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Ghana’s Response to Covid-19

Prof. Abena Oduro, Vice Dean, Faculty of Social Science, University of Ghana. Despite the shrinking fiscal space – revenue has fallen - a GHS 1.2 billion ($200 million) corona virus alleviation programme has been approved by Parliament to provide support to households and businesses. Households have benefitted from a 100% water subsidy for three months until June 2020 and a 50% electricity subsidy to households, except very poor customers who will receive a 100% subsidy for three months until June. An incentive package (tax waivers) has been provided to health workers and in addition, frontline health workers will receive allowances. Given the global shortage of PPEs, local production has been encouraged by government. The private sector has risen to the occasion and locally produced masks made using African prints are being manufactured by small household enterprises. A producer of alcoholic drinks has turned to producing hand sanitizers. 

Government has set up the COVID-19 National Trust Fund to receive funds from individuals and institutions to supplement state resources. So far the Trust Fund has received the equivalent of $7.2 million. Donations have come from all and sundry including the Association of Spare Parts Dealers, the Customs House Agents and Old Girls’ associations of the schools I attended.

Large private sector actors are also doing their bit and have come together to establish the Ghana COVID-19 Fund. Its objective as stated on its website is to ‘partly fund GOG’s interventions and equip selected health service and supply chain facilities and activities in the fight against COVID-19’.The Fund is financing the construction of a 100-bed isolation and treatment facility.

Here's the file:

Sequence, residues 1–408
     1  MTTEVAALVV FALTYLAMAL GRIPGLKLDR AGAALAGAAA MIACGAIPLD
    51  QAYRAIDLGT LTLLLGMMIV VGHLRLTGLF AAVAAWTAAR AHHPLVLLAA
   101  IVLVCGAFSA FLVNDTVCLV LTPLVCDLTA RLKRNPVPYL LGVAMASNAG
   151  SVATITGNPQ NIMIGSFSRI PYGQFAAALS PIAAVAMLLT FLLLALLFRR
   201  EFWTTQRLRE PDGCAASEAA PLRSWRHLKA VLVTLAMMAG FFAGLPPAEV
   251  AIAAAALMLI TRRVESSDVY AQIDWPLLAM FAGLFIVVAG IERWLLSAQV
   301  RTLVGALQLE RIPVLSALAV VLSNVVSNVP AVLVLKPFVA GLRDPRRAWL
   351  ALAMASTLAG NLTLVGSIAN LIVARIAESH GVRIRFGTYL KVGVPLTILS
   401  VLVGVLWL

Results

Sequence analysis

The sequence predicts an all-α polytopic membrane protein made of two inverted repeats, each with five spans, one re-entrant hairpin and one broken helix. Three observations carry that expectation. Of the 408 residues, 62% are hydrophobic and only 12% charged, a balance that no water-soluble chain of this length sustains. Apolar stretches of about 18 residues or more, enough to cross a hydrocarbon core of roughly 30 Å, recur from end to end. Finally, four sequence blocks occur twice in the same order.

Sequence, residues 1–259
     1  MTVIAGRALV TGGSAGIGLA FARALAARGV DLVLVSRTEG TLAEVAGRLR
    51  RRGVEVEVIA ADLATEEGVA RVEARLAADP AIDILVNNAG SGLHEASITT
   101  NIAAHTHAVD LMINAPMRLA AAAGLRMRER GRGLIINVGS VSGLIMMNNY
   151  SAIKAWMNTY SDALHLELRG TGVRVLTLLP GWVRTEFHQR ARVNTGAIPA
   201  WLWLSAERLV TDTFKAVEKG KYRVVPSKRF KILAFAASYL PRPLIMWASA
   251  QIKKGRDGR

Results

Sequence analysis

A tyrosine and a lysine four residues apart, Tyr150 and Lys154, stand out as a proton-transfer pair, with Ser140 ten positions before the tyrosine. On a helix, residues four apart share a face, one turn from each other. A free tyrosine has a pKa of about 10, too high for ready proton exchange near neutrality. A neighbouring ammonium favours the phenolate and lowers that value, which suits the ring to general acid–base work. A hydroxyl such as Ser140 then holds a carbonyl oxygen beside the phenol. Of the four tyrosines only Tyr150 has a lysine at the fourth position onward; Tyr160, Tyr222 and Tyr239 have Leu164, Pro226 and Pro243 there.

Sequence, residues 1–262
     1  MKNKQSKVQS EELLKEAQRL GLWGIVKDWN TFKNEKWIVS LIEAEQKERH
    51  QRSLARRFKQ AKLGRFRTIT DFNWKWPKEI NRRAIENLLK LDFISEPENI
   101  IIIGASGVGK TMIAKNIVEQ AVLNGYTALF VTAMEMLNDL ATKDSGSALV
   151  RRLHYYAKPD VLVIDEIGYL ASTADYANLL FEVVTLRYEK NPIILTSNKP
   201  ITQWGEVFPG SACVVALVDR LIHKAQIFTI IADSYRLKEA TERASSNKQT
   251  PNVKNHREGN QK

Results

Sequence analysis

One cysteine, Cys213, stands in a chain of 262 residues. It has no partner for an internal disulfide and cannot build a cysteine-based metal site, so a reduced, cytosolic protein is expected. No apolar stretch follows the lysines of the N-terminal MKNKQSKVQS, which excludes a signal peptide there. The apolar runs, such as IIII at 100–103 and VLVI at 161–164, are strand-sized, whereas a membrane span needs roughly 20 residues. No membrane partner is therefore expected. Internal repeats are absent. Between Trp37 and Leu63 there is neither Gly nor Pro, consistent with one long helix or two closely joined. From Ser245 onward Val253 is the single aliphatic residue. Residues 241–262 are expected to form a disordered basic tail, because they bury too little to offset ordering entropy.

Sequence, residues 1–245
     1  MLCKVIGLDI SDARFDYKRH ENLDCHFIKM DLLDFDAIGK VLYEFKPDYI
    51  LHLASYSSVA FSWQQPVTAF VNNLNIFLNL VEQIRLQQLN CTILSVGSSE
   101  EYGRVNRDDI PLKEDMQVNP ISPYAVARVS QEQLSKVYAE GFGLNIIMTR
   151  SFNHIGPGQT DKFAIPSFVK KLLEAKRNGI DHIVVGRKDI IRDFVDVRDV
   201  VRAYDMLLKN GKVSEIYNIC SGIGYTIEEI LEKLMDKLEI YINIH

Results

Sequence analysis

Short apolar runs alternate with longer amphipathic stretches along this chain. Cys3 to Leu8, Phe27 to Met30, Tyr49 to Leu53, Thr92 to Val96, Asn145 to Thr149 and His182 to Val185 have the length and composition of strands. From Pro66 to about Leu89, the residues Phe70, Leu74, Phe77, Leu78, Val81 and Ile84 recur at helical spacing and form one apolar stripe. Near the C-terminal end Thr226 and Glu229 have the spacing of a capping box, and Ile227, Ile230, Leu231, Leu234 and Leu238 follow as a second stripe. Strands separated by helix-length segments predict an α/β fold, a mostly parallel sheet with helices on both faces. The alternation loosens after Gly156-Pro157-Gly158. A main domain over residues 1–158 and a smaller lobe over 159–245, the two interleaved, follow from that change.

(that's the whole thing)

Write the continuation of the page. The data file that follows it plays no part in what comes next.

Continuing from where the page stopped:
It is managed by a Board of Trustees who comprise the first 10 people to contribute to the Fund. They are CEOs of local companies. The names of donors are published on the web page.

At the community level the not so poor provided food packages to the perceived vulnerable. It was not always pure altruism, which is not unexpected. A young friend of mine told me that in her community, each well-to-do household adopted two less fortunate households and supplied them with food packages during the lockdown to make sure that they would stay at home as required by the lockdown and not turn to crime (rob the homes of the rich) out of desperation. It was a win-win situation, which cannot be said for all cases of aid-giving.

The number of confirmed cases is rising and the number of cases in Ghana may be higher than in many African countries because of government’s policy of trace, test and treat. We are yet to see how the assistance programme to small and medium scale enterprises will be implemented. The eligibility criteria could worsen already existing inequalities. A pressing problem is stigmatisation of people who have recovered from the virus. Lots more information on the virus has to be made available so that people understand how the virus spreads and what it means to have recovered from the virus.

There is a lot that Ghana can learn from other countries and there is a lot that it is learning from its own experiences as it plods along. 

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